Expect to see 4G LTE remain the dominant coverage technology for end user voice and data for the foreseeable future. The most sensible 5G strategy for a middleprise building owner is to pick equipment that will withstand a transition from 4G LTE to 5G. For a more in depth discussion of 5G, please see this article: How Should Building Owners Be Preparing for 5G?
Cel-Fi QUATRA Active DAS Hybrid – a better fit?
There is no one size fits all solution for in-building cellular coverage. And there are endless pages of technical and use case information on the subject, enough to overwhelm any building owner trying to determine the solution that would be the best fit with the best ROI for a facility.
That being the case, of course cost and ROI must be important factors to consider, as well as installation time, maintenance requirements, and the flexibility and capabilities of the system for the uses needed on an immediate basis and over time.
For buildings or sections of buildings from 50,000 to 500,000 square feet, an Active DAS Hybrid such as Cel-Fi QUATRA offers the flexibility and coverage at a cost-point that fits the budget of most middleprise facilities.
QUATRA combines the best of active DAS and Cel-Fi technology that has been widely adopted by carriers around the world, delivering a scalable solution that provides configurations for single or multi-carrier environments. Options are available for off-air mode or via integration with carrier small cell to create a Supercell. Click here for insights on Supercell implementations.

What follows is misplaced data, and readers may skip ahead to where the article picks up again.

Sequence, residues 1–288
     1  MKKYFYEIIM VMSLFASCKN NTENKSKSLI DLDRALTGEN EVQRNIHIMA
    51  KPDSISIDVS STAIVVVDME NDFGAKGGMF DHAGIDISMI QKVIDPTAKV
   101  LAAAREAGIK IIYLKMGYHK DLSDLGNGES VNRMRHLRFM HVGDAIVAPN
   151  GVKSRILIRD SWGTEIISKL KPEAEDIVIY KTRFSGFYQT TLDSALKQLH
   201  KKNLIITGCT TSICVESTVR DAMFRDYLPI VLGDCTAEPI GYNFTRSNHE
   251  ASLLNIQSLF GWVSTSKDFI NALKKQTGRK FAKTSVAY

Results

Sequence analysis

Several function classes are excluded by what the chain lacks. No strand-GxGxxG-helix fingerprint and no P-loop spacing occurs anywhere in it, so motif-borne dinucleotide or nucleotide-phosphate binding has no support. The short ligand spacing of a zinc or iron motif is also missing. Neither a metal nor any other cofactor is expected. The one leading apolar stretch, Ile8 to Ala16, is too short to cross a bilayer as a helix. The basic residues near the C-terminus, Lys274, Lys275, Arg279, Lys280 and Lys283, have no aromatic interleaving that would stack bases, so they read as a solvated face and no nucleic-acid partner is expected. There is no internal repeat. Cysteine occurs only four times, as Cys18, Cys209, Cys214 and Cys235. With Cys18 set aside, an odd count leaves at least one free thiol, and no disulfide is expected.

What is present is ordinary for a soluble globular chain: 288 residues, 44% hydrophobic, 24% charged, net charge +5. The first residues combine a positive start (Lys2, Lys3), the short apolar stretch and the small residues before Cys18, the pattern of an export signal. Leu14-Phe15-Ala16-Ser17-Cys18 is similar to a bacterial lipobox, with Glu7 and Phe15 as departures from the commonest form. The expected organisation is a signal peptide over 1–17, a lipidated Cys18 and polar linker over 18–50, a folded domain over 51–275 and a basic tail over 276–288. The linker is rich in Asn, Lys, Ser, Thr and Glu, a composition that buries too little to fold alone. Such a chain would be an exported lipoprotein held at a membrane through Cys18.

Cel-Fi QUATRA distributes the carrier signal over Ethernet cable so fiber is not needed. It leverages Power over Ethernet so there is no need to run additional power cables to the remote units which increasing the ease and speed of installation while reducing cost. Nextivity also offers a remote management platform called Cel-Fi WAVE to all partners and customers, so installs can be monitored and managed without the need of costly truck rolls, facilitating Service Level Agreements (SLA) not previously possible.
Click here to watch a video and download the case study that showcases a hybrid installation in a New York food hall that needed help with cellular coverage.
About the Author
Joe Schmelzer is Senior Director of Products at Nextivity. He has developed a variety of products and industrial devices for chipset vendors, OEMs, and operators, including products for Qualcomm, Google, Verizon, AT&T, FirstNet, and T-Mobile. He was also a founding member of CTIA’s Wireless Internet Caucus. For more information, contact email@example.com or visit www.cel-fi-com